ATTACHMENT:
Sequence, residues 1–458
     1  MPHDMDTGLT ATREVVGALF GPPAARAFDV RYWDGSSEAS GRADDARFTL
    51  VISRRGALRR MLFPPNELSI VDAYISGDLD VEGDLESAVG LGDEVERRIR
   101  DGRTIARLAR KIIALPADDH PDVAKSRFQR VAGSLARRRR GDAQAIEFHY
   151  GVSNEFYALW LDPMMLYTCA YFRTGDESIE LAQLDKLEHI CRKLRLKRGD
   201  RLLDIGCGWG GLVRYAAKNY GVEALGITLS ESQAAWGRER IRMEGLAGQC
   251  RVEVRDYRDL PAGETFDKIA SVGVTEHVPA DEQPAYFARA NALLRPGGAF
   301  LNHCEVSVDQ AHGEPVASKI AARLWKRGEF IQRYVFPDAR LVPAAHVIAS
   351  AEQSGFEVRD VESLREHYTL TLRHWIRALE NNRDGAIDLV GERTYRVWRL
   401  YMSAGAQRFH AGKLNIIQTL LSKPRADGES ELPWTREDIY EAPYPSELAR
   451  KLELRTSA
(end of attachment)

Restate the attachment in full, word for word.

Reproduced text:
Sequence, residues 1–458
     1  MPHDMDTGLT ATREVVGALF GPPAARAFDV RYWDGSSEAS GRADDARFTL
    51  VISRRGALRR MLFPPNELSI VDAYISGDLD VEGDLESAVG LGDEVERRIR
   101  DGRTIARLAR KIIALPADDH PDVAKSRFQR VAGSLARRRR GDAQAIEFHY
   151  GVSNEFYALW LDPMMLYTCA YFRTGDESIE LAQLDKLEHI CRKLRLKRGD
   201  RLLDIGCGWG GLVRYAAKNY GVEALGITLS ESQAAWGRER IRMEGLAGQC
   251  RVEVRDYRDL PAGETFDKIA SVGVTEHVPA DEQPAYFARA NALLRPGGAF
   301  LNHCEVSVDQ AHGEPVASKI AARLWKRGEF IQRYVFPDAR LVPAAHVIAS
   351  AEQSGFEVRD VESLREHYTL TLRHWIRALE NNRDGAIDLV GERTYRVWRL
   401  YMSAGAQRFH AGKLNIIQTL LSKPRADGES ELPWTREDIY EAPYPSELAR
   451  KLELRTSA